[News] “You Have to Listen to the Streets”: Rebel Diaz on Hip Hop and the Chilean Constitution

Anti-Imperialist News news at freedomarchives.org
Sat Nov 7 14:59:17 EST 2020


https://orinocotribune.com/you-have-to-listen-to-the-streets-rebel-diaz-on-hip-hop-and-the-chilean-constitution-interview/


  “You Have to Listen to the Streets”: Rebel Diaz on Hip Hop and the
  Chilean Constitution (Interview)

By Mike Bond – Nov 5,  2020

In 2006, Chilean American brothers Rodrigo (RodStarz) and Gonzalo (G1) 
founded Venegas Rebel Diaz, a hip-hop duo from Chicago and the South 
Bronx. With a distinctly Chilean flair that contains elements from local 
and indigenous folk music, Rebel Diaz’s hip hop combines class struggle 
with international solidarity. Her texts lambaste capitalism and racism 
in the United States and imperialism and fascism in Latin America.

The duo’s songs have declared immigration rights for Spanish-speaking 
migrants during the ICE (Immigration and Customs Enforcement) raids, as 
well as their support for the Chicago teachers’ strike and Black Lives 
Matter. Through their music, the brothers have called for the liberation 
of Puerto Ricano, denounced New York’s stop-and-frisk policies, and 
supported anti-fascist and anti-racist movements.

Their art and politics are based on the radical humanism of Chilean folk 
singer Víctor Jara, the left folk music movement Nueva Canción Chilena 
(new Chilean song) and the status of her family as political refugees 
who fled the regime of Augusto Pinochet or from the regime of Augusto 
Pinochet were exiled in the 1970s.

I spoke to Rebel Diaz and discussed Chile’s mass uprisings to form a new 
constitution, the broader impact of the movement in Latin America, and 
how the years of rebellion are shaping the arts in the region.

– Jack Delaney

*Jack Delaney: The Chileans voted overwhelmingly – 78 percent of the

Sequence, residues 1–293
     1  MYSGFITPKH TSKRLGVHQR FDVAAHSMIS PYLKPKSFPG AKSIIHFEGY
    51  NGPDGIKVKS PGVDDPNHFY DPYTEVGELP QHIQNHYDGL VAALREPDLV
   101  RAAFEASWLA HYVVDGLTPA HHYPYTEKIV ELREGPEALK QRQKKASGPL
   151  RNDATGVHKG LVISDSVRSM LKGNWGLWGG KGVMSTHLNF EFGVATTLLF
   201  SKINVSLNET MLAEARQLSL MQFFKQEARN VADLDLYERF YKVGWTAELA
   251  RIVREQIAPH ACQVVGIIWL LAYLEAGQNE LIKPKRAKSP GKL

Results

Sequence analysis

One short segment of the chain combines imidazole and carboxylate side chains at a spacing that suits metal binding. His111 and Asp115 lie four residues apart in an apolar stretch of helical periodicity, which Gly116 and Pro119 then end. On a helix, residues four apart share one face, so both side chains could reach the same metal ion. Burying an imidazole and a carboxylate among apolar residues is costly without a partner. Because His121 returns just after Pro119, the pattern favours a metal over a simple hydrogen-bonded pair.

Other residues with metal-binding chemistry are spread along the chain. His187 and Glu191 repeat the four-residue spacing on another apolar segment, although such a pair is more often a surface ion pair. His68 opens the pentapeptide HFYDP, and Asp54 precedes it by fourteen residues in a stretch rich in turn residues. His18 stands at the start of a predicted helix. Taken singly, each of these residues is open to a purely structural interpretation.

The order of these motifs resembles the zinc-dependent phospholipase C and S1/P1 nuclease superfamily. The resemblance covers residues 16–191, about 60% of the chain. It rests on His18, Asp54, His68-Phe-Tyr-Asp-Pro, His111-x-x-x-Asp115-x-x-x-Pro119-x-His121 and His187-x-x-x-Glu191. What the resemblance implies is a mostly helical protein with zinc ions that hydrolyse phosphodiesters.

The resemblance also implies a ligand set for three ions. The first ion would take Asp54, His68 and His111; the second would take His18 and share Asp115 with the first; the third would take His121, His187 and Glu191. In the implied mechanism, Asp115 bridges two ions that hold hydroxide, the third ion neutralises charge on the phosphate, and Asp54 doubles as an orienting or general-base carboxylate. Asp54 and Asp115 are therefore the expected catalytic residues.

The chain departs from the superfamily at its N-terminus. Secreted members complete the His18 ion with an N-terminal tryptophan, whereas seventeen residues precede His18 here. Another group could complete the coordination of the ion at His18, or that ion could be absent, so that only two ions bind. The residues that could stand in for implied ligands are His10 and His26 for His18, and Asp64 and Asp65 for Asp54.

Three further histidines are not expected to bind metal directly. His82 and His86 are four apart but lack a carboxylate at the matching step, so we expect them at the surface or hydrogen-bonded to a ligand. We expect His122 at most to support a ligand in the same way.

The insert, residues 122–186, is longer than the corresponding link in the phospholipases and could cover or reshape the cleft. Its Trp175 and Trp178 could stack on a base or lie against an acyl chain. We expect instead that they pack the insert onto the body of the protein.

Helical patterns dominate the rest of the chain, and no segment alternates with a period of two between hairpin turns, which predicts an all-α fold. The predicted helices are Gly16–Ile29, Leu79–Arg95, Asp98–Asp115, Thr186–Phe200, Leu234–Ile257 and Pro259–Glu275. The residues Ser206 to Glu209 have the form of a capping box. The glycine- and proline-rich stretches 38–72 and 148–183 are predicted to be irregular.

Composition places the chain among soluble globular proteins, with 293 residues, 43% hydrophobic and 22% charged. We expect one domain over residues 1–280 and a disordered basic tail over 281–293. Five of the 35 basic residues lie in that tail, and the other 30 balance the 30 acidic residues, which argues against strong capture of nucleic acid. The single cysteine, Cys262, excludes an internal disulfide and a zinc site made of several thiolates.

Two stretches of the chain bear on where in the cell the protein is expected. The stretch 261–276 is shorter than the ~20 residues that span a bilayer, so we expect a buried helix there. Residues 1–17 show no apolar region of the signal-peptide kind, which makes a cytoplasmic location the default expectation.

voters! – a new constitution called for. For decades after the 
dictatorship of Augusto Pinochet, the people have been demanding a 
constitution that puts power outside the hands of the elite. What does 
this victory mean for the working class and the poor Chileans?*

Rodrigo Venegas: It shows that the fight was heard on the streets across 
the country. Their demands for a dignified life lead to a vote that 
opens the doors to a new constitution. This is a start to opening up a 
space where people can have access to health care, education, pensions, 
and indigenous rights. It is a victory for the working class.

Gonzalo Venegas: The Pinochet Constitution stipulated that poor workers 
were available for the benefit of property and capital. Discarding it is 
a first step towards a constitution that puts people, not corporate 
interests and the neoliberal model at its center.

RELATED CONTENT: Time for the New Chilean Left 
<https://orinocotribune.com/time-for-the-new-chilean-left/>

*JD: We saw reports of state violence following the October 2019 
uprising. Hundreds of demonstrators were wounded, maimed and blinded 
while others were subjected to torture, sexual assault and rape. 
Thirty-six Chileans were murdered by state forces. Her artistic 
inspirations come from Víctor Jara, who was similarly tortured and 
murdered under the Pinochet regime for his politically charged music. 
How did artists like Jara and the Nueva Canción movement inspire the 
fight against state repression for a new constitution?*

Camper: When we were out there the soundtrack was on the streets Víctor 
Jara. On every corner we heard his song “El Derecho de Vivir en Paz” or 
“The Right to Live in Peace”. At the same time we have artists who 
differ from the Nueva Canción. Artists like Portavoz and Ana Tijoux were 
also the soundtracks to these fights. Groups like Inti-Illimani, who are 
members of Nueva Canción, carried out at the height of the uprisings In 
front of the people. They played the hymn “El Pueblo Unido” [The People 
United]. The culture of the Nueva Canción was brought back to the fore 
of the Chilean fighting by the uprisings.

There was a Video that went viral of a musician hiding behind a sign on 
the front. On a saxophone he played Victor Jara’s “El Derecho de Vivir 
en Paz”. It was inevitable to hear the music of the Nueva Canción in the 
streets.

*JD: What role do music and art currently play in the fight against 
neoliberalism and the movement to form a new constitution? Conversely, 
how does the movement shape art and music?*

GV: Our great inspiration alongside the Nueva Canción and its legacy is 
the hip hop movement that arose in Chile in the early 2000s. It was an 
explicitly organized political hip-hop movement. You can see this 
movement in 2006 Pinguinos Rebellion by boys and school children who 
protested the bus fare. Some of these children became the leaders of the 
2019 rebellion. This generation that cared about politicized hip-hop is 
a testament to the power of culture to educate, agitate and organize.

Camper: Not just the music, but also the art, the comedy, the joke that 
was brought to protest. People showed up in various costumes that mocked 
the political establishment and made fun of it. They made it available 
to the majority of people. Graffiti was also something that was